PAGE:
Australia has deployed two AP-3C Orion spy planes in Mindanao to help the Philippine government in its ongoing campaign to liberate Marawi City from the Islamic State (IS)-linked Maute terror group.
Lockheed AP-3C Orion is a variant of the P-3 Orion used by the Royal Australian Air Force (RAAF) for tasks such as naval fleet support, maritime surveillance, search and survivor supply and anti-surface and anti-submarine warfare.
Australia has upgraded about 18 AP-3C Orions from P-3Cs between 1997 and 2005, with the program taking three years longer than expected due to systems integration problems.
The two spy planes will provide surveillance support to the Armed Forces of the Philippines (AFP) in fighting terror. “I recently spoke with my counterpart Secretary of Defense Delfin Lorenzana about how Australia can assist the Philippines in its fight against extremists.” Australian Defense Minister Marise Payne said Thursday.
“We agreed the best way to defeat terrorism in our region is for us to work together,” Payne added. “The regional threat from terrorism, in particular from Daesh and foreign fighters, is a direct threat to Australia and our interests,” she was quoted as saying to Philstar Friday.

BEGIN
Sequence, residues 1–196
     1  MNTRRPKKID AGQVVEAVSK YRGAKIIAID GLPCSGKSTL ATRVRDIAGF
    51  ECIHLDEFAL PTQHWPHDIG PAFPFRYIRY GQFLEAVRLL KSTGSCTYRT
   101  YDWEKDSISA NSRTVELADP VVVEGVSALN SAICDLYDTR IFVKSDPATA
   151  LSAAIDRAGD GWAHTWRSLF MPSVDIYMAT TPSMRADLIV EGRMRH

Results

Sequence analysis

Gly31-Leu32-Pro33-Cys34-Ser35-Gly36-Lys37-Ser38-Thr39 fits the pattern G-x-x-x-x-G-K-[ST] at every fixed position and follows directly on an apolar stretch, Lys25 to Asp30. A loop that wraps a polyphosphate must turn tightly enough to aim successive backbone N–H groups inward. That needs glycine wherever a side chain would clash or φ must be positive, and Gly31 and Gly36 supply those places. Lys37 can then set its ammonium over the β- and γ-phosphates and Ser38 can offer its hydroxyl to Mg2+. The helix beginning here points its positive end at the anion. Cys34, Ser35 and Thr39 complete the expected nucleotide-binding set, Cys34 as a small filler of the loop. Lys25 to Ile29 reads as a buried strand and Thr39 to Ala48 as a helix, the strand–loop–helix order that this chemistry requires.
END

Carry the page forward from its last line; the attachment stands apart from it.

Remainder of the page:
“We would gladly welcome any form of foreign assistance allowed under our Constitution to help suppress the rebellion in Marawi,” presidential spokesman Ernesto Abella said.
“Our defense officials are in close coordination with their Australian counterparts in the latter’s offer of providing surveillance support to the Armed Forces of the Philippines,” he added.
Australia is the second country to confirm providing military hardware to support Filipino troops battling the Maute militants. The first was the US.
Russia has also expressed willingness to support the Philippines in its fight against extremists. Moscow is ready to grant any request for assistance from the Duterte government and share its expertise in fighting terrorists, Russian Ambassador Igor Khovaev said in an interview with Net 25 on Thursday.
The battle to retake Marawi – now on its fifth week – has claimed 369 lives, according to official estimates.